Gloved Hands

(MPR News file photo)

Consumer confidence.

Will the cleanest, “safest” stores be the ones most shopped at as the future slowly unfolds?

Are consumers going to say they are willing, and really want, to spend money with the merchants whose protocols make the most sense? You know, the merchants whose plans call for constant sanitizing, masks, gloves, shields at the cash registers, strict limits to how many shoppers can occupy at any given time, one-way aisles and the whole laundry list of best practices.

From what we hear, a good percentage of the population is so freaked out about COVID-19 that they are staying at home, sheltering in place and obeying to a T every stop-the-spread strategy.

Another sector of the population is careful but feeling safe enough shopping at all the businesses that are open while following the easy rules of social distancing and washing hands often.

The third population sector is interesting to watch, if you are an observer of human behavior, in that this sector appears to not acknowledge we’re in the midst of a pandemic.

Striking the balance between maintaining public safety and rescuing the economy is very tricky. We’d be short-sighted not to agree with much of what the stop-the-spread purists say and much of what proponents of free-flowing the economy say. Our governor and other leaders are working hard to strike the right balance.

Opinion alert No. 1: Wearing masks is a good idea, cancelling summer festivals is a must, keeping people apart is smart, and consumers scrutinizing every workplace for protections against the spread of COVID-19 is critical.

Opinion alert No. 2: If big box stores are open, virtually all stores should be allowed to be open; closing Boundary Waters Canoe Area overnight camping is not needed; and it’s OK that the big candy store is open.

Let’s circle back to consumer confidence. Has everyone had a chance to shop somewhere in the public, not online though, in April and/or May? What were your observations?

Bet No. 1: You, the shopper, quickly observed it’s going to be a good idea to protect yourself, while observing which stores are taking your safety seriously and at the same time taking their employees’ safety seriously.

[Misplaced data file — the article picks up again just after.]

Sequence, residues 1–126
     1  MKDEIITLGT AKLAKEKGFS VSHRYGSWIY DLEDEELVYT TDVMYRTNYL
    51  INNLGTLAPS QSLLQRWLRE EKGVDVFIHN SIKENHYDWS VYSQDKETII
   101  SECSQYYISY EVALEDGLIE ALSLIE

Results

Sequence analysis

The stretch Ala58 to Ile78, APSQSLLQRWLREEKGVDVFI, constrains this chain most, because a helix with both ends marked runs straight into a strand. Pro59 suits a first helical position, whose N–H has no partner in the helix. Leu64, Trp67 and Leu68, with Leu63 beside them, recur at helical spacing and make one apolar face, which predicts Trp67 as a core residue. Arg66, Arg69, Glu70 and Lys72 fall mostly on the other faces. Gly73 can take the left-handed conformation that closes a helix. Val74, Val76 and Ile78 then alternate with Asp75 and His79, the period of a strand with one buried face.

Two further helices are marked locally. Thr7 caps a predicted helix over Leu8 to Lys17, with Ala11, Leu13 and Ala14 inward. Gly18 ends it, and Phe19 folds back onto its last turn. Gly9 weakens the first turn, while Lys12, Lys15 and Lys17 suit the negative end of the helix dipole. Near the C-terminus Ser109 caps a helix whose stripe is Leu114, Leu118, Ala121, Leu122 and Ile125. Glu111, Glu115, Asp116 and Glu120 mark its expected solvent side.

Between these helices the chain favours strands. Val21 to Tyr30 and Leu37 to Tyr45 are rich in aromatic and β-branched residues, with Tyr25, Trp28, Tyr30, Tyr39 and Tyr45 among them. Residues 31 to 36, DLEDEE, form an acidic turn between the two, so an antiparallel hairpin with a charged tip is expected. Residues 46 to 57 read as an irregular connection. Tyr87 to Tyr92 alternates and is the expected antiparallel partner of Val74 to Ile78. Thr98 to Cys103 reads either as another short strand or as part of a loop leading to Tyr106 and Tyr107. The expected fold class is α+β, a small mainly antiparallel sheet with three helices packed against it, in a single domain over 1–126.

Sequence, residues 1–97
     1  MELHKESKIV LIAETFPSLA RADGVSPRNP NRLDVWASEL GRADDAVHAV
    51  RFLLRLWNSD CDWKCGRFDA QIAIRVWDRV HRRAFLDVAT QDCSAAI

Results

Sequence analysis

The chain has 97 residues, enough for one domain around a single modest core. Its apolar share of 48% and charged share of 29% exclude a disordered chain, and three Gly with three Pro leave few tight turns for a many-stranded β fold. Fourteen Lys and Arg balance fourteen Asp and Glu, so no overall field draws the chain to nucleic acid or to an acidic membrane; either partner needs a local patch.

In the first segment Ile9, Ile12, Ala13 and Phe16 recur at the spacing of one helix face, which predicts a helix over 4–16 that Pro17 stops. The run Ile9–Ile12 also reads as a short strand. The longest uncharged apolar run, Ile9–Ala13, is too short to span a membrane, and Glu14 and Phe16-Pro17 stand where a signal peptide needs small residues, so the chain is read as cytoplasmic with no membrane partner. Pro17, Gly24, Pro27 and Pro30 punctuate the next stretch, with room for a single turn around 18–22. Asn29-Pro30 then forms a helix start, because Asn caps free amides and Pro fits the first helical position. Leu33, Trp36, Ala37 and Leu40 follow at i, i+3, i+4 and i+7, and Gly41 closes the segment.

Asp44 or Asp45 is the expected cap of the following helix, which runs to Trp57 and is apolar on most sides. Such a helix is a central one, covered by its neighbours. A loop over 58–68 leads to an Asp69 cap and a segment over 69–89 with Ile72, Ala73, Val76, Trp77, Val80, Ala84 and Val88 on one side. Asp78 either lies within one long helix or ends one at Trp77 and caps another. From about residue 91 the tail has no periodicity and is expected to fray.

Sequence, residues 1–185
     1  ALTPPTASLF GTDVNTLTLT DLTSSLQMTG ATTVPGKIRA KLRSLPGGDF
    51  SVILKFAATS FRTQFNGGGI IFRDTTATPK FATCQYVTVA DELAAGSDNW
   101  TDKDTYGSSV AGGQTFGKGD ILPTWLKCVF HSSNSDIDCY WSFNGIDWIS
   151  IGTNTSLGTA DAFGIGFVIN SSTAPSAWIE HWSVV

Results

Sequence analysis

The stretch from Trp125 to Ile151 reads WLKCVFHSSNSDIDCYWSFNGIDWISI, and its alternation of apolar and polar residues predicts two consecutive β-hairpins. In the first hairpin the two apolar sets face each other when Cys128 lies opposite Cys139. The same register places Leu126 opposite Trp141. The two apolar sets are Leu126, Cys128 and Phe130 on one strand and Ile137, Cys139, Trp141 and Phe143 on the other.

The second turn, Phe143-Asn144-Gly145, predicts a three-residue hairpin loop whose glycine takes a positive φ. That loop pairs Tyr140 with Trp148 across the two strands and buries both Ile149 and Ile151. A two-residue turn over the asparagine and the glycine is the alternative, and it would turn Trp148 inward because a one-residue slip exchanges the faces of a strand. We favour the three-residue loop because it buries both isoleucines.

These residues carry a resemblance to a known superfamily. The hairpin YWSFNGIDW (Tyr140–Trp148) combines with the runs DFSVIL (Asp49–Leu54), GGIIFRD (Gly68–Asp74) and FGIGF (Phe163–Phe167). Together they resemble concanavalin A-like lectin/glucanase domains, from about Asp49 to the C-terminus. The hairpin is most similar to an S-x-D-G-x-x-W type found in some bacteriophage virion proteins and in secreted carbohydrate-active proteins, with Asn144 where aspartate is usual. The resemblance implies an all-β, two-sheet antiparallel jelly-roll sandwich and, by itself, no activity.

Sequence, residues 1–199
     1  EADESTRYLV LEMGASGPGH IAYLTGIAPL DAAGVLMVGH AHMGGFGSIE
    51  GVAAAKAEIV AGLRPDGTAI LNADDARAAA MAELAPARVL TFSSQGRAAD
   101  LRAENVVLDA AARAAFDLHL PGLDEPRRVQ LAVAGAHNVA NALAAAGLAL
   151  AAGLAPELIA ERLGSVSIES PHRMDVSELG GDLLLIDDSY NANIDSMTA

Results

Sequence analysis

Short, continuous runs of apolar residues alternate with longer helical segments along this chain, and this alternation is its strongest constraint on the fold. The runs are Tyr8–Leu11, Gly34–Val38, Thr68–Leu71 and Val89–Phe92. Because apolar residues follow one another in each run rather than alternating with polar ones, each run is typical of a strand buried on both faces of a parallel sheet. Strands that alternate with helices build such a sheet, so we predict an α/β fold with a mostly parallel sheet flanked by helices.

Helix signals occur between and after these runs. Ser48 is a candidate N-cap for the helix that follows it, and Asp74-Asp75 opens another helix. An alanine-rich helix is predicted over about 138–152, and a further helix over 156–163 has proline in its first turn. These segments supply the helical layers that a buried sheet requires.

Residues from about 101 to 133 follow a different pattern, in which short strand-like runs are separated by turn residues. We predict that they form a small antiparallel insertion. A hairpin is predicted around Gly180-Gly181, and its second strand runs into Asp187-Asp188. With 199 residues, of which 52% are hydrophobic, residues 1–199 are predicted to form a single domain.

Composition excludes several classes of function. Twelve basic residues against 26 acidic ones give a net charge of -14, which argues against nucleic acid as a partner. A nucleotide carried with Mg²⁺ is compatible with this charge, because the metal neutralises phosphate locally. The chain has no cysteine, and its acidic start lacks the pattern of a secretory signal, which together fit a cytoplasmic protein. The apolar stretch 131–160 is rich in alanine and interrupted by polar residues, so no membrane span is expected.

Bet No. 2: If owning a hazmat was practical and easily cleanable, you would wear one to protect yourself from the sector of the population that doesn’t, at least apparently, acknowledge we are in a pandemic.

On top of all its other evils, COVID-19 has us in a chokehold with its ability to blackmail. COVID-19 says this: “If you advocate for any increased mingling of the population, then you are to blame for the inevitable increased speed of spread.”

Wow. No one wants to be blackmailed, especially by COVID when COVID is not lying.

Getting back to consumer confidence, please develop your personal plan with how you protect yourself against COVID-19. Like these: Do you at least lessen your use of public restrooms at this point; do you hyper-sanitize hands after touching gas pumps and grocery carts; do you avoid the airspace of anyone coughing?

Businesses are ramping up their procedures and protocols based upon best practices and carefully prepared advice from the CDC, OSHA and countless public health professionals. They are taking extensive, even expensive, steps to reduce the spread of COVID. Let’s all do our part.

Please support businesses! Support them now in their curbside, delivery and online opportunities. Support them when they reopen to invite customers back into their workplaces. And please support them, and their messages, when they say their livelihoods, and our quality of life, are directly tied to their efforts. Their allowed efforts.

Please remember that with much of this, you hold consumer confidence in the palm of your hand. Your overly sanitized, soap-and-water-washed, and better-yet-disposable-gloved hand.

Ed Lee is executive director of the St. Peter Area Chamber of Commerce.

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